SXSW 14Now underway, South by Southwest is as unruly and impossible as ever, with some 2,200 bands scheduled to perform through the early hours of Sunday. The unexpected is likely to happen -- and not always in a good way, as I found out last year after an afternoon meeting with Damon Albarn.

We'd had a great chat. Charming and thoughtful, Albarn discussed his childhood, Blur, Gorillaz, West African music, his relationship with Paul McCartney and the members of the Clash, and, most of all, his then-new "Everyday Robots," his first solo album after some 25 years in the music business. As duty required, I scribbled furiously to capture his comments in my black Moleskine notebook.

That evening, I set out to hear a few bands and wasn't particularly engaged by any of them. As I was walking along Sixth Street, downtown's main drag for music, I noticed a huge crowd gathered outside a venue where Tyler, The Creator was scheduled to perform. Since I had a press badge, I decided to tuck my notebook under my arm and nudge through the crowd to catch a bit of his set. As I made my way to the front, having suffered shoves and a few swear words, I saw a handwritten sign that announced the show had been cancelled. I had been thinking the venue would provide sanctuary, but now I had to push myself through the mob again in order to move on. They weren't pleased.

Shaking free, I walked toward my hotel to sit and study the handwritten schedule I had in my notebook. Instead, I discovered that my notebook was gone. Which meant my Albarn notes were gone too.

I was stunned. I hurried back into the surly crowd on Sixth Street to see if I'd dropped it a few minutes earlier, but found nothing. Then I retraced my steps to the clubs I'd been to prior to my Tyler, the Creator detour: The notebook wasn't on the sticky floors or in the managers' offices. I went to the reception desk at various hotels to ask if it had been turned in. No. I checked my email -- I list it in the front of each notebook -- but wasn't contacted.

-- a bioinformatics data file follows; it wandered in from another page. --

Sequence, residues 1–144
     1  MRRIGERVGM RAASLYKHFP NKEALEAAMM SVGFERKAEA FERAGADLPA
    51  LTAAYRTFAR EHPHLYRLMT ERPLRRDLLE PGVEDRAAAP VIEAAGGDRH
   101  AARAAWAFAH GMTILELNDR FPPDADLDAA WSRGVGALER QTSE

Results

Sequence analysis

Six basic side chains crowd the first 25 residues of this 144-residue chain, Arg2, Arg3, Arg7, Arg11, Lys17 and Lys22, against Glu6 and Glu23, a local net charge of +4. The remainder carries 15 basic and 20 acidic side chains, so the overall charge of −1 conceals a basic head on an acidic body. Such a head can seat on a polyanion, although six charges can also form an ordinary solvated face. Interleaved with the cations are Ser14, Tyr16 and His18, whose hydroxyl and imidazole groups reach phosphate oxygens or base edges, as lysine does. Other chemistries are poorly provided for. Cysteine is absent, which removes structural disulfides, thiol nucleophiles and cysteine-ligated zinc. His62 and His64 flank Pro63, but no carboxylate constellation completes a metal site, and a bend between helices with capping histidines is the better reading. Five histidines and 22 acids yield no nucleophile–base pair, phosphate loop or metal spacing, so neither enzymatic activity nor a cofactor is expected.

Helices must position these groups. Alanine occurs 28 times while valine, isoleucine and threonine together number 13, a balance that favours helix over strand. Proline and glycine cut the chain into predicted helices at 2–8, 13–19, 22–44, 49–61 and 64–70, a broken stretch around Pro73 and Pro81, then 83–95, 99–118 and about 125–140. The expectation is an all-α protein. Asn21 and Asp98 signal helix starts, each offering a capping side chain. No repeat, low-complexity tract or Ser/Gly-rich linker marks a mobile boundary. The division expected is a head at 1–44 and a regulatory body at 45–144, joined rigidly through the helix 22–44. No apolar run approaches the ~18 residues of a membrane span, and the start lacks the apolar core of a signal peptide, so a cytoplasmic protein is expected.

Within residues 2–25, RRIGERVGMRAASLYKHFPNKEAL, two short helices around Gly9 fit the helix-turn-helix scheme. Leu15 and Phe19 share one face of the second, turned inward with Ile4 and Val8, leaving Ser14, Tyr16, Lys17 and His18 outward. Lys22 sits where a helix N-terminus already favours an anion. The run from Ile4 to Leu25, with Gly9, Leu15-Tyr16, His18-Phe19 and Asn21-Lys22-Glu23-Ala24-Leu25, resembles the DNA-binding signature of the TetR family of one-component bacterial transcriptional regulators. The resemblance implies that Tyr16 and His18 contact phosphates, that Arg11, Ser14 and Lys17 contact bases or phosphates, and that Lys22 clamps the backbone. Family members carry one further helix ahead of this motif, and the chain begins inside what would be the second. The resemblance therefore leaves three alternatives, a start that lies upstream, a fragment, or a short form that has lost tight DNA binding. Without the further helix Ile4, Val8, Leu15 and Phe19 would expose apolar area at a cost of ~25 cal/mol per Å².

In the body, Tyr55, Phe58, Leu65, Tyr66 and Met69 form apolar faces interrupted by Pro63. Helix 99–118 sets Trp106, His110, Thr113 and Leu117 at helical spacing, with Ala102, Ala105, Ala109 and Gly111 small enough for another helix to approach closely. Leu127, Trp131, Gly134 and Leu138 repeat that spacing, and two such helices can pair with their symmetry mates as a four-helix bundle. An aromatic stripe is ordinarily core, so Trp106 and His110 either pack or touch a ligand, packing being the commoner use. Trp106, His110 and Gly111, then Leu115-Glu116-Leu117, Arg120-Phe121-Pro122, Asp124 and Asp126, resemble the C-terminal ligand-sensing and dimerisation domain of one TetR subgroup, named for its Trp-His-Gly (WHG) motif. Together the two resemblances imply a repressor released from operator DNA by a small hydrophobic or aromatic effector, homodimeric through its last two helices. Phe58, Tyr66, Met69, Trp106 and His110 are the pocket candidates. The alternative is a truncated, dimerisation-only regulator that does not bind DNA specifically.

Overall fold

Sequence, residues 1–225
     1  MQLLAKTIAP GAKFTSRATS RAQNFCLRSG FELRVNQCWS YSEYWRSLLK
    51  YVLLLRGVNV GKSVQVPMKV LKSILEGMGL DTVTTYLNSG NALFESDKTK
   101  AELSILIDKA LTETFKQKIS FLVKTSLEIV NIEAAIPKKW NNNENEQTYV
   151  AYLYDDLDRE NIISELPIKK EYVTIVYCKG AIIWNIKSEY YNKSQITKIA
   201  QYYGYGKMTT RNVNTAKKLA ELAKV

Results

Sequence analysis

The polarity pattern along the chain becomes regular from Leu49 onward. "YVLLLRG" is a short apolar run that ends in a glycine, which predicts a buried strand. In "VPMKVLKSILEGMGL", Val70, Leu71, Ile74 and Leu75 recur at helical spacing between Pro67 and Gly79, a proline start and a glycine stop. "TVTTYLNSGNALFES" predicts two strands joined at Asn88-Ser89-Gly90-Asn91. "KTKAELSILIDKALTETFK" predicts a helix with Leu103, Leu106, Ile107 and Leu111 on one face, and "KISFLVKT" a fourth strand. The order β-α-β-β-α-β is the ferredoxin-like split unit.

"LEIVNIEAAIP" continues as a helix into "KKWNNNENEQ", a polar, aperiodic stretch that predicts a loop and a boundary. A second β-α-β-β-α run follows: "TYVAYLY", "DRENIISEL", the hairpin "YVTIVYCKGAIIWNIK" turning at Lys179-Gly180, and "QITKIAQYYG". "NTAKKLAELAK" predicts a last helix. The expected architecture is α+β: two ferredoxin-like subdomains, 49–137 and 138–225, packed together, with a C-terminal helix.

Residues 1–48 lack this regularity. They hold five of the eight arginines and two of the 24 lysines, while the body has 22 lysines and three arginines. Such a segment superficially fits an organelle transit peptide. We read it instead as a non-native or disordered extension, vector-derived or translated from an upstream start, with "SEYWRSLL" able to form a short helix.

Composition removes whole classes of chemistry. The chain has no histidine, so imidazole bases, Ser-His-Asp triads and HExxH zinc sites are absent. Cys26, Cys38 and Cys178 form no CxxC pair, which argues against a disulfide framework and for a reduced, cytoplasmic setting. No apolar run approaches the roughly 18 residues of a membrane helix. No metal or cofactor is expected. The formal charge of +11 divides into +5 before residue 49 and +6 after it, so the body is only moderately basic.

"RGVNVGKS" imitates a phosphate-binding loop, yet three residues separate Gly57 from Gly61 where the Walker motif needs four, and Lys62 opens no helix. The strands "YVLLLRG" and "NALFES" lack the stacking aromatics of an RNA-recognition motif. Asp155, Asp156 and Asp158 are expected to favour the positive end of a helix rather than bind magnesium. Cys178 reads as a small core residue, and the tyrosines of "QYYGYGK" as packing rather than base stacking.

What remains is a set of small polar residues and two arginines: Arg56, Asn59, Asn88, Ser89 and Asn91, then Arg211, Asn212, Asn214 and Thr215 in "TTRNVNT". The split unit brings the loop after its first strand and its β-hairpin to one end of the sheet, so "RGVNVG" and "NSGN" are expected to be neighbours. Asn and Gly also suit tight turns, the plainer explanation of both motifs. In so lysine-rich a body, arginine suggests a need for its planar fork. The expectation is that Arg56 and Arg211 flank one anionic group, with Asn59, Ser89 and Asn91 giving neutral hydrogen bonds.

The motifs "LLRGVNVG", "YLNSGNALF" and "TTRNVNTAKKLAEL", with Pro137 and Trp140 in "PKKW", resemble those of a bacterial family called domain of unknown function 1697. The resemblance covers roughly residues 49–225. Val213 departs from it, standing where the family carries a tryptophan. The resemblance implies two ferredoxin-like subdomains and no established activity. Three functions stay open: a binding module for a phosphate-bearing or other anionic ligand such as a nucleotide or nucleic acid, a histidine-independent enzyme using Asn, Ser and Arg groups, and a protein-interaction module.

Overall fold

At 4 a.m., the streets now quiet, I returned to Sixth to see if it lay at the curb with the piles of refuse. No. Then back to the clubs at noon. Still nothing.

It was really impossible to write the story I intended about Albarn: I had transcribed only a few of his sentences into a Word document before the notebook was lost. I couldn't abandon the story. To my mind, SXSW 2014 belonged to Damon Albarn. Throughout the festival, he performed often, doing gorgeous acoustic sets with his band augmented by strings as well as full-blown rock shows, one of which featured Gorillaz songs with guests Snoop Dogg and De La Soul, among others.

When it came time to write the story, I had to proceed without the vast majority of Albarn's remarks, most of which I could not recall verbatim. I had their essence, but he had an appealing way with language that enriched his tales and gave a sense of his intelligence and perspective. Now less a profile and more a review of "Everyday Robots," my story ran in The Wall Street Journal. I hoped only I knew it was somewhat less than it could've been. (Click here to see the Albarn story.)

For months afterwards, I thought I might get an email from someone who found the notebook. I could envision it in the places I thought it might have fallen. But no. It was gone. It was the first notebook I'd ever lost in the more than 30 years since I began writing for the Journal.

This year, my notebook is in my shoulder bag, which will remain strapped to my shoulder whenever I'm not in my hotel room. When it comes to the unexpected at SXSW, I prefer it come in the form of new music.